Kent KarosenHow can a young child with a grandparent suffering from Alzheimer’s disease understand what is happening to their loved one? That’s the question Kent Karosen ’88 helps answer in his new children’s book, “Why Can’t Grandma Remember My Name?

As president and CEO of the Fisher Center for Alzheimer’s Research Foundation, which operates a leading research facility at The Rockefeller University in Manhattan and provides information and support to families affected by Alzheimer’s, Karosen is always looking for new ways to increase awareness about the neurodegenerative disease that affects more than 5 million Americans.

“I have seen younger children not be able to have a concept of what’s happening to their grandparents,” Karosen said. The book, which Karosen co-wrote with author Chana Stiefel, addresses questions children frequently ask (“Grandma sometimes gets angry ... what’s going on?”), and each question and answer is accompanied by artwork. Drawings done by kindergartners are juxtaposed with therapeutic art made by Alzheimer’s patients.

“Many of [the patients] cannot verbalize their feelings, or their position in life, but they use art to be able to express themselves,” Karosen said. “I felt like it would draw the audience in and explain to [children] the communication of their grandparent. And, in addition to that, it’s proven [according to a Fisher Center study] that if you keep on stimulating Alzheimer’s patients, their quality of life will be much better.”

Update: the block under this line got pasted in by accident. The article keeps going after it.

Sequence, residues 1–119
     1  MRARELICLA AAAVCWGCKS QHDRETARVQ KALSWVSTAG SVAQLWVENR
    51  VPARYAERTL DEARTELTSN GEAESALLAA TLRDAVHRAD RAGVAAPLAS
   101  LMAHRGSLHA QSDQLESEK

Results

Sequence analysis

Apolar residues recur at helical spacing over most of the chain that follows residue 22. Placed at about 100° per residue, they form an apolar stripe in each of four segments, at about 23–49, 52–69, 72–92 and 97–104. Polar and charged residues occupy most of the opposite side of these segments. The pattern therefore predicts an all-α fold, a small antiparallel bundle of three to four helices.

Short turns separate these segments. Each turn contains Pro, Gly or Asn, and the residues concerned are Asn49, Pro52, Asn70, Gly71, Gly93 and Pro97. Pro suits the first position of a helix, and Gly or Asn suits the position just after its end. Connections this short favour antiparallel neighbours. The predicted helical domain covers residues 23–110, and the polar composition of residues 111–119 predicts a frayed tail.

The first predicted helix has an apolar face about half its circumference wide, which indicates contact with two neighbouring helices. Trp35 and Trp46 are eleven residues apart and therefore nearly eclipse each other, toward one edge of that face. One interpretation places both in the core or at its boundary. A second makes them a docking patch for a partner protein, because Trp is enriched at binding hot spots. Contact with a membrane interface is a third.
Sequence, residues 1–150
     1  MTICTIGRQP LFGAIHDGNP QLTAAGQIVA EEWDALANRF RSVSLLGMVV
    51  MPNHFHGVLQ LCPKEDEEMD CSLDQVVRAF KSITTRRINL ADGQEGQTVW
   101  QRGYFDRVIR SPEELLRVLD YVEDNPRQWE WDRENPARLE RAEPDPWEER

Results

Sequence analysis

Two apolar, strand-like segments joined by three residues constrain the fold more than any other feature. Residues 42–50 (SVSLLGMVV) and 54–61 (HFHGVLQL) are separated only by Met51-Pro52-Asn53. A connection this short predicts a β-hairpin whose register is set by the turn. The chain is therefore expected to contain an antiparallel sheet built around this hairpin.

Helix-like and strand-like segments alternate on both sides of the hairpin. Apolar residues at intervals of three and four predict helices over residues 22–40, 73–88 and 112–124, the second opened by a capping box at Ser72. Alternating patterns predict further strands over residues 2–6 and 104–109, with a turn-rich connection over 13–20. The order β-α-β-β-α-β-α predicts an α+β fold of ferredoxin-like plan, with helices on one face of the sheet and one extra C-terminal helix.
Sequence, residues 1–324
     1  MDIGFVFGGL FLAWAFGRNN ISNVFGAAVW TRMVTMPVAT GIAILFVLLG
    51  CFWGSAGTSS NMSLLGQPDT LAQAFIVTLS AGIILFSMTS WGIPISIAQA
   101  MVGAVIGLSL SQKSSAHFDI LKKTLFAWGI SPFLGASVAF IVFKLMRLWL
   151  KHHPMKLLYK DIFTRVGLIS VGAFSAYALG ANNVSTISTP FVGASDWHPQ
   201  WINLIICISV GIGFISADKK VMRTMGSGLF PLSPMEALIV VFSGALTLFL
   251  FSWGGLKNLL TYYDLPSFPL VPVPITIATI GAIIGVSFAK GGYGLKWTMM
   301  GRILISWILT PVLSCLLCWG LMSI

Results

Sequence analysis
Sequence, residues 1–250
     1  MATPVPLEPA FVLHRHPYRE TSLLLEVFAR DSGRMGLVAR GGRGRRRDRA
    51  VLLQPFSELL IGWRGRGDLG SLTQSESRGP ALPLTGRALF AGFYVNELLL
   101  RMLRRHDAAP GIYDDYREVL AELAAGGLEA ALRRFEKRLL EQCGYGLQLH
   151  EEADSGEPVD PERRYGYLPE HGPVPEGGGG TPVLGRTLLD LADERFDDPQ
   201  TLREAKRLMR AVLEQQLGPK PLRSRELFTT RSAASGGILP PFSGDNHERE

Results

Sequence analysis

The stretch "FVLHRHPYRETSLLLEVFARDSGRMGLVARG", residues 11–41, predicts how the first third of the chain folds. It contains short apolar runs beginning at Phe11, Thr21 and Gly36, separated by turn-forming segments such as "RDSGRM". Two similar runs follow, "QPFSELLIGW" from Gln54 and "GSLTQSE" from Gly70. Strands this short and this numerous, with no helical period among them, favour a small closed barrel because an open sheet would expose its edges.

Following the success of “Why Can’t Grandma Remember My Name?”, Karosen is expanding his horizons further: His next project is a made-for-TV movie with a plotline similar to the children’s book. “I’m writing the story right now,” Karosen said, “but it takes a long time to write a screenplay — much longer than writing a children’s book.”

His dedication to helping families affected by Alzheimer’s disease stems from his experience helping families recover from a very different tragedy: the Sept. 11, 2001, terror attacks. As a managing director and partner at the financial services firm Cantor Fitzgerald, Karosen was entering One World Trade Center at the moment the tower was struck by a hijacked aircraft, causing the deaths of more than half of the firm’s employees. “I lost 658 coworkers on 9/11, and almost myself — by about 10 seconds,” he said. Although he now lives in Miami Beach, Florida, Karosen remains in charge of the firm’s annual memorial service. “You have to take care of the families,” he said.

Karosen, who was a history major and member of Delta Tau Delta at Kenyon, credits his liberal arts education for his ability to balance his charitable work with his career in finance. “Kenyon taught me not only history, or economics, but rounded me out so that I can perform better,” he said. 

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